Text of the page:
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A marketing manager for DraftKings works at his computer at the company headquarters in Boston in this 2015 file photo. (AP Photo/Stephan Savoia, File)
A marketing manager for DraftKings works at his computer at the company headquarters in Boston in this 2015 file photo. (AP Photo/Stephan Savoia, File)
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This editorial board strongly supports the legalization of online sports gaming, which is legal in some form (or pending) in 26 states with no unusually ill effects. Eight other states allow sports betting at a casino or licensed sports book outlet. Largely because of the power of tribal gaming interests, California does not allow it in any form.

Americans enjoy gambling and the vast majority of gamblers do so responsibly, which is reason enough to allow it as widely as the market demands. It’s better to allow Californians to bet on, say, football games on highly regulated sites than on illegal offshore sites that lack oversight.

Related: Our full list of endorsements

Readers have no doubt seen ads, funded by $364 million in contributions, regarding two measures in November that would legalize sports betting. We’ve opposed Proposition 26, which is a cynical measure promoted by the vast majority of state tribes to ban online sports betting and give them (and racetracks) a monopoly on in-person sports wagers.

Its passage would destroy the hopes of legalizing online sports betting and give tribes the legal tools to harass their longtime competitors (cardrooms). We’re favorably disposed toward the goals of competing Proposition 27, which allows sports betting on the Internet and mobile devices and directs revenues to state programs to help the homeless.

As usual, the devil is in the details. Unfortunately, supporters designed it so that only large gaming companies can control the action. Most other states that allow online sports betting impose relatively modest licensing fees, whereas this measure requires a whopping $100 million fee for a license – plus $10 million each time it is renewed. The firms would pay 10 percent of gross proceeds to the state.

The initiative also requires online operators to be active in 10 states and to partner with a local tribe. Voters might say, “That means gaming companies are willing to pay to fund state programs.” In reality, these are anti-competitive measures that would cut out upstarts and allow big firms to gain a virtual monopoly in the nation’s largest gaming market.

The proper role of state gaming regulation is to assure the operator pays out as promised, isn’t involved with crime syndicates and operates transparently. So there’s room for some kind of bonding and fee requirement, but it would need to be low enough (as in Nevada) to allow legitimate newcomers to participate. Prop. 27 also gives a state bureau the power to collect the names of people betting on unlicensed sites, which is intrusive and creepy.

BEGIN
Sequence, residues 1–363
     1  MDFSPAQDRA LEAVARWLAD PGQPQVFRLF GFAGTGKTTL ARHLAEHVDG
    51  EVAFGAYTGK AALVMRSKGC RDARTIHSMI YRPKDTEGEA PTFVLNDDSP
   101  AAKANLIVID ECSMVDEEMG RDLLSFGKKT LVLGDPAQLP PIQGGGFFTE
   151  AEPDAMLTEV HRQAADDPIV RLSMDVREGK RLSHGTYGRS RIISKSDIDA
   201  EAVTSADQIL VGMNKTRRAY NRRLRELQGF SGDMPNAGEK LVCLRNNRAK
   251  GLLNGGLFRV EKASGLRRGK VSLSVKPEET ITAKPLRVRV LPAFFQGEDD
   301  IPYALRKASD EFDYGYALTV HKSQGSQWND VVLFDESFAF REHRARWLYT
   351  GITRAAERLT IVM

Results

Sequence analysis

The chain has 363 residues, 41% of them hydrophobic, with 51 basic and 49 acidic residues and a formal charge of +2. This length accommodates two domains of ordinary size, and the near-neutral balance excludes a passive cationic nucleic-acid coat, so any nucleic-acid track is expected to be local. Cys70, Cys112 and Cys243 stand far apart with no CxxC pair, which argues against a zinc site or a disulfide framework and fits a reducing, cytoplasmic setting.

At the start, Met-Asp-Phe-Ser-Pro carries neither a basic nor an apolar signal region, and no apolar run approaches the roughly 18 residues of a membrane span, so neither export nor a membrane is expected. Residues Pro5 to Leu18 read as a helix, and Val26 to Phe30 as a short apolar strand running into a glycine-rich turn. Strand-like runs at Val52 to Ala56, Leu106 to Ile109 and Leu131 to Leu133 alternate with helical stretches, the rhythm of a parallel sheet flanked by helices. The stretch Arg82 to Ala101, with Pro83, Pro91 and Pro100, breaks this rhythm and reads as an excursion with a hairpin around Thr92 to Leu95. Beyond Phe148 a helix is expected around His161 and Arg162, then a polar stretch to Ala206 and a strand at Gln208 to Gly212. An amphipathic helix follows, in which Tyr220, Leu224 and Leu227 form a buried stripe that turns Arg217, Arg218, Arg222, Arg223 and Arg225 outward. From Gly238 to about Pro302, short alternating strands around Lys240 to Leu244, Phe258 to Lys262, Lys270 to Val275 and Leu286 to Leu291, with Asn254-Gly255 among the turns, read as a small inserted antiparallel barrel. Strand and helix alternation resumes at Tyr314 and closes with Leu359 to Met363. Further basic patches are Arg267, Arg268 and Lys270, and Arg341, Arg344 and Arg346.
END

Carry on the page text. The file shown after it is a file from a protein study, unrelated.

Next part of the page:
We’re also put off by the less-than-forthright manner in which supporters are pitching this initiative. “Proposition 27 is the ONLY permanent funding solution for California’s homelessness and mental health crises,” explains the Yes on 27 site. Yet the homeless component is a side issue, and the revenues are unlikely to make a dent in the broader problem.

Four years ago, the U.S. Supreme Court tossed out a federal ban on sports betting, which explains ensuing state activity in this space. But it’s crucial that California gets it right – given that whatever rules voters approve now likely will remain in effect for decades. We urge a “no” vote on Proposition 27 with the hopes that backers of online betting come back with something more reasonable.

Sourcing & Methodology

To help you make decisions about the numerous candidates, measures, propositions and other races on your ballot, our editorial board (made up of opinion writers and editors), makes recommendations every election. The process is completely separate from newsroom reporting and journalists. With the exception of our executive editor, the members of our editorial board are not news reporters or editors. 

, the opinion editor for the Southern California ɫ̳ Group’s 11 newspapers, heads the editorial board and guides our stances on public policy and political matters.  

Every week, our team analyzes legislation, monitors political developments, interviews elected officials or policy advocates and writes editorials on the issues of the day. Unsigned editorials reflect the consensus of our , with the aim of offering arguments that are empirically sound and intellectually consistent.

We apply this same process when considering to endorse candidates.

As a practical matter, we are selective in which races we endorse in. We endorse on all , competitive , select races for the  and select countywide and city elections.

We identify credible candidates through surveys and interviews, deliberate based on our editorial precedent and in light of contemporary realities, and issue endorsements accordingly.

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